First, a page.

European Commission. Romania’s economy to shrink 6% this year due to COVID-19 crisis, and rebound in 2021


Romania’s economy is projected to decline sharply by 6% this year due to effects of the COVID-19 crisis on the economy, according to the European Commission

The forecast drop comes after several years of robust growth. The economy is expected to make rebound in 2021 although not the same as pre-crisis levels, the forecast by the EC’s  Spring Forecast said.

“At the onset of the COVID-19 crisis, Romaniaʼs economy was growing at an annual rate of around 4%, mainly driven by private consumption,” the report said.

The report said that “signs of macro-economic imbalances had already emerged, notably in the form of high and growing current account and fiscal deficits.”

Measures taken under the state of emergency “are expected to significantly affect services and manufacturing.”

It said businesses would “react to the very uncertain environment by postponing or cancelling investment projects… and public investment activity, meanwhile, is projected to be subdued.”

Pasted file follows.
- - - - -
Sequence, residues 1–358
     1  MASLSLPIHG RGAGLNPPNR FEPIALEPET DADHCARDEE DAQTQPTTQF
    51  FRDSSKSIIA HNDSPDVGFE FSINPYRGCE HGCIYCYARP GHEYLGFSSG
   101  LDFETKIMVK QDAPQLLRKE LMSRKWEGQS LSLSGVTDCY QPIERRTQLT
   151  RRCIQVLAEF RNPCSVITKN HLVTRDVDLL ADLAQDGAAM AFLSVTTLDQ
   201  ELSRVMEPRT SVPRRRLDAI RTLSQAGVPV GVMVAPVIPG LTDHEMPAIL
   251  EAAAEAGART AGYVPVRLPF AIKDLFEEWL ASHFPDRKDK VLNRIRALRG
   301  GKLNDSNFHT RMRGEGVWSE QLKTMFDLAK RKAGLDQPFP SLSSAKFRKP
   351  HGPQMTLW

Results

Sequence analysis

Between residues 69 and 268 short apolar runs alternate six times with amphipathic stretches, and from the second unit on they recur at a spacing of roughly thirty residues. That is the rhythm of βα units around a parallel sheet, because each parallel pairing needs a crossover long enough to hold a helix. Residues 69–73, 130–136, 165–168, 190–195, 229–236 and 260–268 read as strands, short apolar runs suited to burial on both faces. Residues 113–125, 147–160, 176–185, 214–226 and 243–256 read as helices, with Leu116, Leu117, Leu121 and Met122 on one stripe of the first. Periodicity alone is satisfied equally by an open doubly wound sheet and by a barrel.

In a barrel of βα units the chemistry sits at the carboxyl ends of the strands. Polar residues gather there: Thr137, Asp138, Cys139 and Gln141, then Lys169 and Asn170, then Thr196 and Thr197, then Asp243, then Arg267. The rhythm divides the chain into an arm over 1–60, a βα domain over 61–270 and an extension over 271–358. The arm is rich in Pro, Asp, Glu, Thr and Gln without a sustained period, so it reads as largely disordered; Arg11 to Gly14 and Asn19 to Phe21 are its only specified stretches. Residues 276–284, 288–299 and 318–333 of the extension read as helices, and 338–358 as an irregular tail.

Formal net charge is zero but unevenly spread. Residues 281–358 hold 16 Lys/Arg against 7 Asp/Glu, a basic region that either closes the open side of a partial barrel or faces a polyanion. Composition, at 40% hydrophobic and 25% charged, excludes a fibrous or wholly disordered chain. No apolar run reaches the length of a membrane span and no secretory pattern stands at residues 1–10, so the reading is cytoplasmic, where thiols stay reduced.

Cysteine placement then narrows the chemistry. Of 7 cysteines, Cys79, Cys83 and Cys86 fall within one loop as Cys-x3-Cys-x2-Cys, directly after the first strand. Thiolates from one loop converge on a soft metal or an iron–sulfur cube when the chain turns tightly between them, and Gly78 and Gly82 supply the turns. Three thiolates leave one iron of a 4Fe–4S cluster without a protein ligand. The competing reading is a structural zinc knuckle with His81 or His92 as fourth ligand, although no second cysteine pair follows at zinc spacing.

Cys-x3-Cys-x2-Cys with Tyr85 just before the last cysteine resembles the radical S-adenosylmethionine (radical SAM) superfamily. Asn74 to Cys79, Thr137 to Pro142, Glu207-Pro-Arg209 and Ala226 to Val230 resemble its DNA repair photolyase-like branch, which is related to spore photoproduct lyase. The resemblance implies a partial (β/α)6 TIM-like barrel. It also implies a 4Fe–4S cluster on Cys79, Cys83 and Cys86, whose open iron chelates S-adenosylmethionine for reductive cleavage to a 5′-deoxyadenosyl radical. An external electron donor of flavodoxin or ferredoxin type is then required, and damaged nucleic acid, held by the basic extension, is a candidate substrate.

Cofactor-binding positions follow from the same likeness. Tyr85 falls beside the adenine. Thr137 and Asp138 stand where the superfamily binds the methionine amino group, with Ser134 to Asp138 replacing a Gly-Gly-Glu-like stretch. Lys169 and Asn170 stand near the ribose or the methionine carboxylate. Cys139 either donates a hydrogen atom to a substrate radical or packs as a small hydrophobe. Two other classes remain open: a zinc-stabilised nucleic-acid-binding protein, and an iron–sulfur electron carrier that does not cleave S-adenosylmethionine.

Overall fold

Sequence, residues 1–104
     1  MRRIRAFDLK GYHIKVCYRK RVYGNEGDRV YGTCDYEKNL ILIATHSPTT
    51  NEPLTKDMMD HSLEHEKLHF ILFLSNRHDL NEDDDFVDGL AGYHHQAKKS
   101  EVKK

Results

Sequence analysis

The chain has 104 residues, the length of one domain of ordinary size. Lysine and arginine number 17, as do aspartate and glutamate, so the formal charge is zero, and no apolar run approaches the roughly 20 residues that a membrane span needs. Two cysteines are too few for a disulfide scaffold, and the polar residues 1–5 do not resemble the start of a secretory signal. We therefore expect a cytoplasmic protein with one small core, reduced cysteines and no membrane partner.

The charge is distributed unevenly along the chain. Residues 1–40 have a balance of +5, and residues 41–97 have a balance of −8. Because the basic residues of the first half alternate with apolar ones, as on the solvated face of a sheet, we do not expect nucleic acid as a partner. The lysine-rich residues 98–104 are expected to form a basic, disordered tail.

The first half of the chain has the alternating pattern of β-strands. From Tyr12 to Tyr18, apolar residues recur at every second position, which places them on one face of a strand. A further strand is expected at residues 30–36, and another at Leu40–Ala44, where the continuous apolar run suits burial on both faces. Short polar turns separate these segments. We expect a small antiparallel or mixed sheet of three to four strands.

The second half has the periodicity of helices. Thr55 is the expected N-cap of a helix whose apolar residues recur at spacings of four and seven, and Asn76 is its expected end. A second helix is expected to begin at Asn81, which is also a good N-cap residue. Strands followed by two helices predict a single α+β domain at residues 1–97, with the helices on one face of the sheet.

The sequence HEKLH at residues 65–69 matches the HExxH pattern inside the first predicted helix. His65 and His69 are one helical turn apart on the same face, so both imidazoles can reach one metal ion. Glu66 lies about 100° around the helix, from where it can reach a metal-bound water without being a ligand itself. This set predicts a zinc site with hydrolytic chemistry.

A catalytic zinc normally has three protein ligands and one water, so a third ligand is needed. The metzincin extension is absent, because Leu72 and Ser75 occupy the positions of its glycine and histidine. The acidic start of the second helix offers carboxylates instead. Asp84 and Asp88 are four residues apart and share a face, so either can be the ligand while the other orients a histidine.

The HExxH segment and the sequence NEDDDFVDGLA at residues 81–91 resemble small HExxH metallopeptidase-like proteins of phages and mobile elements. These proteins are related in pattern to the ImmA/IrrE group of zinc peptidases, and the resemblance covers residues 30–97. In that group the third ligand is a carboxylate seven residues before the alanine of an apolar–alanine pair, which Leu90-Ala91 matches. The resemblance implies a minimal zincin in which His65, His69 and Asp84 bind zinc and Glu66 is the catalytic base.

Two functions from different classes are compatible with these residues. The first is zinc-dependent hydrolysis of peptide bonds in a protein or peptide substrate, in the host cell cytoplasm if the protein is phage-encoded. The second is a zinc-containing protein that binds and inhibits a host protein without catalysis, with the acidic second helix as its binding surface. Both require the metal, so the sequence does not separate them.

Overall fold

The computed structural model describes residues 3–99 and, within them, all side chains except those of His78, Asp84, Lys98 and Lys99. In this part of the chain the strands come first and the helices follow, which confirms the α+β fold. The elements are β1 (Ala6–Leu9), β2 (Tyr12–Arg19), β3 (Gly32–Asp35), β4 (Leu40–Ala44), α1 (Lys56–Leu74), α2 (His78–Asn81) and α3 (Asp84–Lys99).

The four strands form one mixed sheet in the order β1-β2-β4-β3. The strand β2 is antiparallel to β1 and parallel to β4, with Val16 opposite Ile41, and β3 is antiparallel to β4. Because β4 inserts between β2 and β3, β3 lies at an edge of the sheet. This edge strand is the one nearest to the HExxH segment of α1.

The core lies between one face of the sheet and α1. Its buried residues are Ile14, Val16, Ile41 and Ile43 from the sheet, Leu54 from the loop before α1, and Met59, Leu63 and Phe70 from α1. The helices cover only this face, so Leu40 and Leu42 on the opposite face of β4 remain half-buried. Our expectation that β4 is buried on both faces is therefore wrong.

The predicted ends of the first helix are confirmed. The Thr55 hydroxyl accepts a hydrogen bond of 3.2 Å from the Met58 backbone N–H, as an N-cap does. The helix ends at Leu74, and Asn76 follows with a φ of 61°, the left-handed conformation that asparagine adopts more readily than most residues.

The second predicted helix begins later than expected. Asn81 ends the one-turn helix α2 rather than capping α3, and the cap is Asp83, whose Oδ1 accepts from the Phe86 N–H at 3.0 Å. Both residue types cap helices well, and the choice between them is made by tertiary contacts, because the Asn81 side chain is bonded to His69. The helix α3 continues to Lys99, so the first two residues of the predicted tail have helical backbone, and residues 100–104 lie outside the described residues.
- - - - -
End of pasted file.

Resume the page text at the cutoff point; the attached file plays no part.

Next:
However, the government “adopted measures aimed at supporting consumers and businesses, such as loan guarantees for SMEs, temporary moratoriums on loan servicing, and technical unemployment schemes,” to cushion the economic effects.

It said real is GDP is projected to contract by 6% in 2020 and rebound by 4.25% in 2021.

Unemployment, which was a record low of 3.9% in 2019, will increase to 6.5% in 2020 as some firms will inevitably close as a result of the COVID-19 crisis, the forecast said. It will ease at 5.4% in 2021.

Inflation is expected to ease to 2.5% in 2020 due to the drop in oil prices.

 In 2021, investment is expected to recover only partially amid persistent uncertainty. Exports are also set to contract in 2020, reflecting the economic contraction in Romania’s main trading partners and supply chain disruptions.

The European Commission also expects Romania’s budget deficit to increase to 9.2% of GDP this year (compared to the government’s target of 6.7% of the GDP) as the fiscal measures required to fight the COVID-19 crisis are compounded by previous fiscal slippages.


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